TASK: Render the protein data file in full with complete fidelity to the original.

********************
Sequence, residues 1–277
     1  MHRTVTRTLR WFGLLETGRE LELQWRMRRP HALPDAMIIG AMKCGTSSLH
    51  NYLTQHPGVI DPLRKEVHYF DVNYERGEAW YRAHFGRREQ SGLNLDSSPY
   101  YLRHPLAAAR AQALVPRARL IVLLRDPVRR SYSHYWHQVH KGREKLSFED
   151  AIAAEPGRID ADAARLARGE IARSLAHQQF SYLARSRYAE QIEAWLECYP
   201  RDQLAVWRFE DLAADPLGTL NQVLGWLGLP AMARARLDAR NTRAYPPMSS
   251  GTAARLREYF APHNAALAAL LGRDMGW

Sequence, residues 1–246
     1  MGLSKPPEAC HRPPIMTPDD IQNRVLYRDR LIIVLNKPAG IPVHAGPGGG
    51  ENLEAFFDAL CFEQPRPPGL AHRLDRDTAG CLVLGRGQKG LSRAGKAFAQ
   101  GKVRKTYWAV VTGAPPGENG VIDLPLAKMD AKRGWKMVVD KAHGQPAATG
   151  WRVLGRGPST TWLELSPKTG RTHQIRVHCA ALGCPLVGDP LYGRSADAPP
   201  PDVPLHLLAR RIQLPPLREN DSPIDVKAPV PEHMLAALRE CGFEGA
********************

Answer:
Sequence, residues 1–277
     1  MHRTVTRTLR WFGLLETGRE LELQWRMRRP HALPDAMIIG AMKCGTSSLH
    51  NYLTQHPGVI DPLRKEVHYF DVNYERGEAW YRAHFGRREQ SGLNLDSSPY
   101  YLRHPLAAAR AQALVPRARL IVLLRDPVRR SYSHYWHQVH KGREKLSFED
   151  AIAAEPGRID ADAARLARGE IARSLAHQQF SYLARSRYAE QIEAWLECYP
   201  RDQLAVWRFE DLAADPLGTL NQVLGWLGLP AMARARLDAR NTRAYPPMSS
   251  GTAARLREYF APHNAALAAL LGRDMGW

Sequence, residues 1–246
     1  MGLSKPPEAC HRPPIMTPDD IQNRVLYRDR LIIVLNKPAG IPVHAGPGGG
    51  ENLEAFFDAL CFEQPRPPGL AHRLDRDTAG CLVLGRGQKG LSRAGKAFAQ
   101  GKVRKTYWAV VTGAPPGENG VIDLPLAKMD AKRGWKMVVD KAHGQPAATG
   151  WRVLGRGPST TWLELSPKTG RTHQIRVHCA ALGCPLVGDP LYGRSADAPP
   201  PDVPLHLLAR RIQLPPLREN DSPIDVKAPV PEHMLAALRE CGFEGA